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News seen on the web and about the web. From Monday to Friday at 8.20 am Paris time.



Latest update : 2014-08-27

India: journalist launches "Rice Bucket Challenge"

In this edition: an Indian journalist launches the ‘Rice Bucket Challenge’; Egypt’s tips to the US police force spark debate; and two kayakers hurtle down a drainage ditch.


Intrigued by the astounding success of the ‘Ice Bucket Challenge’, which has enabled the American charity, ALS raise more than seventy million dollars towards its fight against amyotrophic lateral sclerosis, journalist Manju Latha Kalanidhi decided to launch an “Indian twist offering a practical solution to Indian issues”. Rather than asking net users to pour iced water over their heads, the new ‘Rice Bucket Challenge’ encourages them instead to cook or to buy a packet of rice for someone in need. The project was launched online last week and has already taken the country by storm.

As shown by the countless pictures visible on the movement’s Facebook page, hundreds of Indians answered the call for help launched by the journalist, by offering a portion of rice to more disadvantaged members of society. The generous participants take a photo of themselves in action before urging their friends to do the same, using the hashtag: #RiceBucketChallenge.

And if they are unable to cook for those in need, web users are instead asked to make a donation to a charity helping the poor, such as the authors of this picture, which is currently being diffused on social networks, and in which we see cheques made out to various aid associations.

The movement seems to be garnering support from the Indian public but so far has not generated the same amount of success from local stars. The campaign’s organiser would like to remedy this situation quickly by using the web to call on the country’s celebrities to take part in her solidarity movement.


With over 12 million views, it is Bill Gates’ ‘Ice Bucket Challenge’ video which has encountered the greatest success online among all those posted by celebrities. This chart offers an insight in to the enthusiasm shown in the challenge, which involves pouring a bucket of icy cold water over one’s head to raise awareness of ALS. And while net users clearly enjoyed watching Bill Gates getting wet, they also voted for the video posted by actor, Charlie Sheen, which has been seen over 11 million, 500,000 times.


The police must exercise restraint and respect citizens’ rights to peaceful protest... This was the message sent last week to the US authorities by the Egyptian Ministry of foreign affairs. The declaration came after violent clashes in Ferguson, Missouri and has caused reactions online.

Many people have criticised the message on Twitter. This woman asks whether the Egyptian government has the right to offer this type of advice, given that it is accused of orchestrating the bloody repression of protests in August 2013. This accusation is pointed out by another net user who denounces the deep hypocrisy of the Cairo authorities.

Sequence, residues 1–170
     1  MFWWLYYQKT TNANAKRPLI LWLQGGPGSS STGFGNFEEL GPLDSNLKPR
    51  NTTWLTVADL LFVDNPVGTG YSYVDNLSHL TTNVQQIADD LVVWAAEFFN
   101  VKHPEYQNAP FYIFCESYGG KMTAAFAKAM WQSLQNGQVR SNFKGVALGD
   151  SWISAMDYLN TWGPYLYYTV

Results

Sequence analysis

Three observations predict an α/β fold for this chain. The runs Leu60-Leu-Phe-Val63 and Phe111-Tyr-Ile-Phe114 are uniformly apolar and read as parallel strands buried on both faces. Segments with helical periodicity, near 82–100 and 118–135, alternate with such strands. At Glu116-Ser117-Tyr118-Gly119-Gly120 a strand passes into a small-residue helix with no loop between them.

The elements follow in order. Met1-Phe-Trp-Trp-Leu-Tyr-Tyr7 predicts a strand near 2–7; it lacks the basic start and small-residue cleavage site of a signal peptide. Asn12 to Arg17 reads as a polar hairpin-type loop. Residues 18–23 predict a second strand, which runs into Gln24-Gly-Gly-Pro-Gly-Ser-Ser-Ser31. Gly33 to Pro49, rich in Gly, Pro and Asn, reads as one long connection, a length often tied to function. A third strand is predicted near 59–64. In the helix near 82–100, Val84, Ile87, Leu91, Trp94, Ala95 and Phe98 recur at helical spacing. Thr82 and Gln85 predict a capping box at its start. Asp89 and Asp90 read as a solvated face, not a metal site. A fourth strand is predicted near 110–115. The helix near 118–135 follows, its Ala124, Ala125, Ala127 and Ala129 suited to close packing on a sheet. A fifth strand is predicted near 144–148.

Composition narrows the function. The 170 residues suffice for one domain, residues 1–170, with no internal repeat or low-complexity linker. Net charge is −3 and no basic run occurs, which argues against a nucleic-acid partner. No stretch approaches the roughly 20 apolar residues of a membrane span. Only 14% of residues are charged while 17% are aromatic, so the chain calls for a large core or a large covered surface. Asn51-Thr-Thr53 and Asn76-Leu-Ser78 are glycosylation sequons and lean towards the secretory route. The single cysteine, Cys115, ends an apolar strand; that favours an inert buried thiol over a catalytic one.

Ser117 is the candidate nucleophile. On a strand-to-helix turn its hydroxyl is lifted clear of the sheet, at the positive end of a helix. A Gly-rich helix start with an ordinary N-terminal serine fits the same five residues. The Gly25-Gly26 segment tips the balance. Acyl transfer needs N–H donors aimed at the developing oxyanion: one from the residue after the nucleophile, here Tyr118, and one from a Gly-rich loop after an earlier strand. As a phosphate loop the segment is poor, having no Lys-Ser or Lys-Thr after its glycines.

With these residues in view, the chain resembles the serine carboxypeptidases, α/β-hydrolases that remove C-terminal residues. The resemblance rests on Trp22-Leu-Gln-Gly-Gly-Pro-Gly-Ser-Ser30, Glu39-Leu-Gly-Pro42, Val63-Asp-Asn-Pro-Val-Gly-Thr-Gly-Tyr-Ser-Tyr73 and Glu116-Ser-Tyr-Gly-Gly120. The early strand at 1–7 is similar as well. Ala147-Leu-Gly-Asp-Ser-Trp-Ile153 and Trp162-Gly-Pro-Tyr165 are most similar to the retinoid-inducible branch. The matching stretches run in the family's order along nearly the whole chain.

Meanwhile, some Twitter users have reacted with irony by offering tips to the American officers of the law inspired by those made by Egyptian police. These satirical recommendations include dressing police officers in plainclothes in order to attack crowds more efficiently, starting fires to destroy any evidence of violence and to firing real bullets instead of rubber ones to disperse protesters.

This criticism, aimed at the heavy handed methods used by the Egyptian security forces, is echoed by Egyptian blogger, Karim Shafei. In his article entitled, “Egypt isn’t Ferguson”, he recalls that US police officers suspected of violence will be judged by an independent court. This procedure, he explains, is rarely seen in Egypt.


To mark the one hundredth anniversary of the start of the First World War, Paul Destombes’ Twitter account will take net users back to the conflict. The man from Roubaix in France, who died aged ninety, left behind him several notebooks describing his life during the four years of armed combat. The content of his books will be tweeted in full each week, right up to the armistice centenary, in 2018.


Rock stars give it their all on stage and often end up exhausted by the end of their concerts. American photographer, Brandon Andersen aimed to show this by taking photos of rock stars’ faces before and after their energetic performances. The series of shots, entitled “Before and After” can be seen on the artist’s website.


As these images testify, kayaking fans, Ben Marr and Rush Sturges recently performed a daring feat when they opted to partake in their favourite sport in a wastewater drainage ditch in British Colombia. The high-paced video can be seen in full on the Go Pro YouTube account.

By Electron Libre



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